I can appreciate the complexities of setting up the exchanges by all means but what happens with competition from insurers setting up their own, which some are doing?  Granted all the provisions from the government may or may not apply but what about the over all pricing?  I chatted with one doctor who was informed by Blue Cross that he has to “opt” out of his contract and compensation for those who buy their insurance via the California exchange would be a 30% drop in reimbursement compared to a normal commercial plan.  Of course as usual to protect companies and not individual consumers the patients who have insurance from an employer will not be paid at the 30% lower rate. 

Blue Cross in California Automatically Opts Doctors In for Insurance Exchange Participation And Reimbursement Looks To Be Around 30% Less Than They Receive Now For Individual Policies - Employer Provided Insurance Is Not Affected

Here’s a private exchange owned by WellPoint for example and will the doctors who use “their exchanges” get paid less like the State of California exchange…yes indeed more good questions as the “poke in the fanny” contract annihilation continues. 


WellPoint & Partners Buy Bloom Private Health Insurance Exchange From Their Own Venture Capital Company (Sandbox) –Subsidiary Watch


This just seems kind of strange to allow the cost to be charged back to the consumer and right now it doesn’t sound like a big dollar amount but just adds more to the confusion of negotiating insurance contracts.  Frankly to me the more complex this all gets it leans toward a single payer plan as why is everything so complex?  Healthcare is definitely borrowing this methodology of complexity from Wall Street to keep everyone guessing.  By the time this is all done will there be much resemblance to the initial plan?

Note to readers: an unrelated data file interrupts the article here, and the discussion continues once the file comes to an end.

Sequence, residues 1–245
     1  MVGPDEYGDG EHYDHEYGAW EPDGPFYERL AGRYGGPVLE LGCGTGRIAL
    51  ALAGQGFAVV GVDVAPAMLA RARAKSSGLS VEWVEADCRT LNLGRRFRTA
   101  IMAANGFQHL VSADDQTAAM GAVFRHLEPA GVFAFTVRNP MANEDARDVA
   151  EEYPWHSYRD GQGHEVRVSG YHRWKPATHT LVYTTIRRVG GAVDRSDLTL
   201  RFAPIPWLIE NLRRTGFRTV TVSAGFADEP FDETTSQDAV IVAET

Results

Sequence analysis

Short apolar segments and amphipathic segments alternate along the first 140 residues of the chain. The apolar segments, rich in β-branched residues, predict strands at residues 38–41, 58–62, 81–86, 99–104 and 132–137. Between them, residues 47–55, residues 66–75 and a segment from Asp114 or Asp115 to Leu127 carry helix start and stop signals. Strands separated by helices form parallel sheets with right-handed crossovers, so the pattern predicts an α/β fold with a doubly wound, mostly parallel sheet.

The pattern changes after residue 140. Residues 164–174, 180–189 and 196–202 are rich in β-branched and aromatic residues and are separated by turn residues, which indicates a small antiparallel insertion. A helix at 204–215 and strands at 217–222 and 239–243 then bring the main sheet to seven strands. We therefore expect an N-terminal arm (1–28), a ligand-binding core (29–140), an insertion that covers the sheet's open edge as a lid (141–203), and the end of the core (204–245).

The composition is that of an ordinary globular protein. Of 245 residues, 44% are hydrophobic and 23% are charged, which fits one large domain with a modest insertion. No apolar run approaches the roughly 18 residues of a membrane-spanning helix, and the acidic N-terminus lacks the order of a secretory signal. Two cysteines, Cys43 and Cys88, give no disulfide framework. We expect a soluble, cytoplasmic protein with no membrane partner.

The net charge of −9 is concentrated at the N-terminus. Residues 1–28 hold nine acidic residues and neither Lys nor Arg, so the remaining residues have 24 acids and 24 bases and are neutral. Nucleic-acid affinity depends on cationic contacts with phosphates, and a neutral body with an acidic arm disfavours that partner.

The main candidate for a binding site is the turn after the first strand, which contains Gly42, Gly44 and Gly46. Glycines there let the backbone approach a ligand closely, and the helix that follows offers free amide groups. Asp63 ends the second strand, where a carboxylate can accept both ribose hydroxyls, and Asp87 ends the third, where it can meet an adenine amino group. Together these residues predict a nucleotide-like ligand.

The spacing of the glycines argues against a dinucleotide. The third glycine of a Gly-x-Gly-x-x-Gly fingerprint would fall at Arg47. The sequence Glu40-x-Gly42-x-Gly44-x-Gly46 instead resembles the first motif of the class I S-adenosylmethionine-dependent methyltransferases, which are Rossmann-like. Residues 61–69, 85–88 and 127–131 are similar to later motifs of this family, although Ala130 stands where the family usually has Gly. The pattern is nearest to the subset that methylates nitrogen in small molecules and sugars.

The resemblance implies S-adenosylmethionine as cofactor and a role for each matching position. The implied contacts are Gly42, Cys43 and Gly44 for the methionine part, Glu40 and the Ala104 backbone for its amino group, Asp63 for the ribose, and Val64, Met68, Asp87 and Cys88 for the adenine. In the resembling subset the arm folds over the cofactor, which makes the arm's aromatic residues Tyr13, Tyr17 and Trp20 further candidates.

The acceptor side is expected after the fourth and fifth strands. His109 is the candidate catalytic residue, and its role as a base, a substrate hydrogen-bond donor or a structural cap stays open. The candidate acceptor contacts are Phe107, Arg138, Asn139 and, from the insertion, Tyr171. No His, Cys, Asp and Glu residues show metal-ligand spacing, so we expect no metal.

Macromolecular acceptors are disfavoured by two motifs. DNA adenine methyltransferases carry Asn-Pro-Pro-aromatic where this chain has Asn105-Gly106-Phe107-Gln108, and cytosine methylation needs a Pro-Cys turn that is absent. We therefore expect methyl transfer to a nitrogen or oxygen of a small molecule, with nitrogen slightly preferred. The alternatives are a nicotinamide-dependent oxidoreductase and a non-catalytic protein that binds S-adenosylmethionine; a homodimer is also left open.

It seems like we are turning hospitals and doctors into technology centers that carry medical licenses!  BD 

WASHINGTON — The Obama administration said Friday that it would charge insurance companies for the privilege of selling health insurance to millions of Americans in new online markets run by the federal government.

The cost of these “user fees” can be passed on to consumers. The proposed fees could add 3.5 percent to premiums for private health plans sold in insurance exchanges operated by the federal government.

In a separate action, federal officials said that consumers would soon have access to nationwide health plans similar to those available to members of Congress and other federal employees. These plans will be offered by private insurance companies under contract with the United States Office of Personnel Management. The agency already provides insurance to eight million federal employees, retirees and dependents.

Fees charged for use of the federal exchange come on top of a separate annual fee to be imposed on health insurance companies to help offset the cost of expanding coverage under the new law. The annual fees, to be apportioned among insurers according to their shares of the nation’s health insurance market, are expected to total $6 billion in 2014 and more than $100 billion over 10 years.



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